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U.S. v. TORRES-DEL MURO

July 20, 1999

UNITED STATES OF AMERICA, PLAINTIFF,
v.
JERONIMO TORRES-DEL MURO, DEFENDANT.



The opinion of the court was delivered by: Mills, District Judge.

OPINION

Is the exclusionary rule available as a remedy for a violation of the consular notification provision of the Vienna Convention?

No.

Motion to suppress denied.

I. Background

During early November of 1998, Illinois State Police stopped a 1994 Ford Aerostar van near Lincoln, Illinois. The van was driven by Defendant Jeronimo Torres-Del Muro ("Muro"), and the passengers included six other Mexican nationals. Suspecting that the occupants of the van might be illegal aliens, the Illinois State Police Officer contacted the Springfield, Illinois office of the Immigration and Naturalization Services ("INS").

INS officers determined that Muro and several other occupants were in the United States illegally and, thus, transported the occupants to their Springfield office for interrogation. Subsequently, INS Officer Tom Merchant advised Muro of his Miranda rights. Officer Merchant did not, however, notify Muro that he had a right to consult with Mexican consular officials in accordance with INS regulations*fn1 and Article 36 of the Vienna Convention, 21 U.S.T. at 100-101, 596 U.N.T.S. at 292 ("Convention"). Shortly after the Miranda warnings, Muro waived his Miranda rights and made inculpatory statements to the INS officers.

A federal grand jury indicted Muro on December 3, 1998. Muro now seeks to suppress his statements based on INS's failure to notify him of his right to consult with the Mexican Consulate. To support his motion, he has attached an affidavit from Fernando Gonzalez, the Mexican consul in St. Louis. Consul Gonzalez swore that if he had been notified of Muro's arrest, he would have advised Muro not to make any statements to the INS, and would have explained Muro's rights under the Fifth Amendment. In addition, Muro signed an affidavit stating that if he had been notified of his right to consult with a consulate, he "would have exercised that right and requested that I.N.S. allow [him] to talk to [his] consul. [He] would have told the I.N.S. agents that [he] did not want to speak to them until after [he] had spoken to a Mexican consul." Moreover, Muro swore that he would have followed the consulate's advice, which in effect would have resulted in Muro not waiving his Fifth Amendment rights.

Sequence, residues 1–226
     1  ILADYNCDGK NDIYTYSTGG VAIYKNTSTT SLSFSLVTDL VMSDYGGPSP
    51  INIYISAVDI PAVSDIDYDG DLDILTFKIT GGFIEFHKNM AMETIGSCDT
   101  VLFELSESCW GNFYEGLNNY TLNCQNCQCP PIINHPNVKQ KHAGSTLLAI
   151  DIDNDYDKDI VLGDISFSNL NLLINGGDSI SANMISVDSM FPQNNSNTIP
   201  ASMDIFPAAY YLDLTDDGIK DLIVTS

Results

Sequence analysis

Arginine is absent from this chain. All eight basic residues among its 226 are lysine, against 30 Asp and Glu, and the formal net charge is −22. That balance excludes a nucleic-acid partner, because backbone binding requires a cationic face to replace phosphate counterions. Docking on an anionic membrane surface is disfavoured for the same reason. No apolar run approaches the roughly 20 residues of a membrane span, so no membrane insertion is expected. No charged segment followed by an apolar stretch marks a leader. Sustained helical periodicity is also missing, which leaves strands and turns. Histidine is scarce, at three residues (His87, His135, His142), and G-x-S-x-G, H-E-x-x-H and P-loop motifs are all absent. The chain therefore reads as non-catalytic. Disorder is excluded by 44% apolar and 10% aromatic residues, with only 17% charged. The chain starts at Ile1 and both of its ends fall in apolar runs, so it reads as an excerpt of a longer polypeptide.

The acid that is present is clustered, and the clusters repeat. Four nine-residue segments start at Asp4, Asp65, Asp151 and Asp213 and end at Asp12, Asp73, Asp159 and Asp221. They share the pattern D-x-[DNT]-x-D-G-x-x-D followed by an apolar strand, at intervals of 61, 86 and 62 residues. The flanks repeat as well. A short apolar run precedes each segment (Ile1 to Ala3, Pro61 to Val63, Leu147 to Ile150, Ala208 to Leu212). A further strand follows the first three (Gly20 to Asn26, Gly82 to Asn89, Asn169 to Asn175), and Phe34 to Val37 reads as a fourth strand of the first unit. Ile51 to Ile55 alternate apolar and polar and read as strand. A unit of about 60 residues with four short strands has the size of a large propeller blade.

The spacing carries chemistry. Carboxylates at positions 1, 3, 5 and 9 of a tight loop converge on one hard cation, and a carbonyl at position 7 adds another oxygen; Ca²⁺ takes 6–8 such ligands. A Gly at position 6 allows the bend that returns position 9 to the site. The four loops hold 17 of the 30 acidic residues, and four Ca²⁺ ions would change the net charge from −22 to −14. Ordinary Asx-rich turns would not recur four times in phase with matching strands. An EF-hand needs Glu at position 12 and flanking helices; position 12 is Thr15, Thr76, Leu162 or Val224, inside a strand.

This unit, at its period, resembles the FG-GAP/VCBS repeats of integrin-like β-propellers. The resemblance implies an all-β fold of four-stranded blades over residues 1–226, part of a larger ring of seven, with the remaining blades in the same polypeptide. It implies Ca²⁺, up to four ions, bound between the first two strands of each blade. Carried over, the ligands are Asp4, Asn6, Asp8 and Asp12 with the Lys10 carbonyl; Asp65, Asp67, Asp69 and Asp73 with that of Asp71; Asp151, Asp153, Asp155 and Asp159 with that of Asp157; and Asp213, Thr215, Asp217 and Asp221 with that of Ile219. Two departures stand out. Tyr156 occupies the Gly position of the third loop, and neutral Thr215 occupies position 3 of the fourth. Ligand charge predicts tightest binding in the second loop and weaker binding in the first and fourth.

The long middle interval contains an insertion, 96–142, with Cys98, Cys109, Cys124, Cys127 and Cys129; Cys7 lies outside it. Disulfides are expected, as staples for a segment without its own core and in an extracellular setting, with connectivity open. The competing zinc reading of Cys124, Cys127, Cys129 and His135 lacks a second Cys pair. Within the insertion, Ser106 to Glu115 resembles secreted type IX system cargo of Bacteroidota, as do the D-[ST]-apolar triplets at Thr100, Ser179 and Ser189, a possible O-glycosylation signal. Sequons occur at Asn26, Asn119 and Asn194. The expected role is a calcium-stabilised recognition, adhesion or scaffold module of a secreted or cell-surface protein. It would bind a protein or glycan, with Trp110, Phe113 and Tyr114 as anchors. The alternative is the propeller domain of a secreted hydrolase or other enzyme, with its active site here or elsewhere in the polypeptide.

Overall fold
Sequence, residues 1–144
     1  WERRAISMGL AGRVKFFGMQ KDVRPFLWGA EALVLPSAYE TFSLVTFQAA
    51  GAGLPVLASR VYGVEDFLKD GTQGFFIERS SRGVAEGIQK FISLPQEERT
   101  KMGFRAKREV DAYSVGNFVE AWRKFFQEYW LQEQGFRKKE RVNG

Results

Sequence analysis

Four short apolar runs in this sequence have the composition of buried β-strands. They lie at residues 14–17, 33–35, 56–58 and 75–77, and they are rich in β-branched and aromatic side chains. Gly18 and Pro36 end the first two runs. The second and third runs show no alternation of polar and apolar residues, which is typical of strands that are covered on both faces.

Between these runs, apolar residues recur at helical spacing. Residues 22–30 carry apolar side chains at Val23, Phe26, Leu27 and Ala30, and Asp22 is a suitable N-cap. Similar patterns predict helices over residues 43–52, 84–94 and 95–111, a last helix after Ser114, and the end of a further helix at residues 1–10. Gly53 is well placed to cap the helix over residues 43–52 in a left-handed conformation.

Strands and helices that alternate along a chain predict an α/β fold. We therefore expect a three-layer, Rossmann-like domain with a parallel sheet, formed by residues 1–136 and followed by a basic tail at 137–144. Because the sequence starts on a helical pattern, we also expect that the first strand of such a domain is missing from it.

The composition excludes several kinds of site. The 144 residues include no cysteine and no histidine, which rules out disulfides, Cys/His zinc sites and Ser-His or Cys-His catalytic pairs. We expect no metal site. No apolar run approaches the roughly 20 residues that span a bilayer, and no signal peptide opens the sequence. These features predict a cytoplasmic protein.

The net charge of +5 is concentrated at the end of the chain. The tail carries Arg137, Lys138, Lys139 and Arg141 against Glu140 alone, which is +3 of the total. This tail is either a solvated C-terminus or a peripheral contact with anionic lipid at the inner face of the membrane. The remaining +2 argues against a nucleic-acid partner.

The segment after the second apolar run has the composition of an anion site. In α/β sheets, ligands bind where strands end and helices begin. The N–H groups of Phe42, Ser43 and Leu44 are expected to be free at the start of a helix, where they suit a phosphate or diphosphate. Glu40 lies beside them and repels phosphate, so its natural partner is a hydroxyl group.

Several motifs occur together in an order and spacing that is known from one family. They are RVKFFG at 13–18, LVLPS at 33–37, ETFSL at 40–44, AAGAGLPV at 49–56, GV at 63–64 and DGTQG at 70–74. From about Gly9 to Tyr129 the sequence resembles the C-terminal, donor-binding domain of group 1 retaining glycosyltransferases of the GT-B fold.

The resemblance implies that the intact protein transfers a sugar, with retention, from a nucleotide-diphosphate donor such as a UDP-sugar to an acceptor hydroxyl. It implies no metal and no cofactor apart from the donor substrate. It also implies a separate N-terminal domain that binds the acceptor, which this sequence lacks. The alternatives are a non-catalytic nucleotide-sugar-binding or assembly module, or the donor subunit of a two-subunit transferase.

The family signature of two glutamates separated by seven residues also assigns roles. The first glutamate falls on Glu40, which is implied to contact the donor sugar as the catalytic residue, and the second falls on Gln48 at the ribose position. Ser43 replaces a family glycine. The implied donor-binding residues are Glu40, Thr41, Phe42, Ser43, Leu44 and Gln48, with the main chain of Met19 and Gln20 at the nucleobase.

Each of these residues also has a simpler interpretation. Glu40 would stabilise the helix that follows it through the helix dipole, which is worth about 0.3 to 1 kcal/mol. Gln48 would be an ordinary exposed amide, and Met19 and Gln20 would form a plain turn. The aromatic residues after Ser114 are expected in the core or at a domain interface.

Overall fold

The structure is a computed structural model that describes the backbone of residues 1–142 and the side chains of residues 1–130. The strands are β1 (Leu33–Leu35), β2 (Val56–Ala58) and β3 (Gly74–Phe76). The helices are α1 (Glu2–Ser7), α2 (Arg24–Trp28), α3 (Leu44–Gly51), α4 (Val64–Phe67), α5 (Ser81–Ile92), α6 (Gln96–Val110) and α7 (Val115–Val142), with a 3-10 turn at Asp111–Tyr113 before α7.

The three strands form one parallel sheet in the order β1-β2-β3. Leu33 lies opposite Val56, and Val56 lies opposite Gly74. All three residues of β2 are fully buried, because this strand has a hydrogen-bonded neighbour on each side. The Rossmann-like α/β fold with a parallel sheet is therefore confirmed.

Now, the Court turns to address the merits of Muro's motion to suppress.

II. Analysis

Article 36 of the Vienna Convention on Consular Relations, April 24, 1963, art 36, 21 U.S.T. 77,596 U.N.T.S. 261 provides:

  1.  With a view to facilitating the exercise
      of consular functions relating to
      nationals of the sending State: (a)
      consular officers shall be free to
      communicate with the nationals of
      the sending State and to have access
      to them. Nationals of the sending
      State shall have the same freedom
      with respect to communication with
      and access to consular officers of the
      sending State;
    (b) if he so requests, the competent
    authorities of the receiving State shall,
    without delay, inform the consular
    post of the sending State if, within its
    consular district, a national of that
    State is arrested or committed to prison
    or to custody pending trial or is
    detained in any other manner. Any
    communication addressed to the consular
    post by the person arrested, in
    prison, custody or detention shall also
    be forwarded by the said authorities
    without delay. The said authorities
    shall inform the person concerned
    without delay of his right under this
    subparagraph;
     (c) consular officials shall have the
    right to visit a national of the sending
    State who is in prison, custody or
    detention, to converse and correspond
    with him ...

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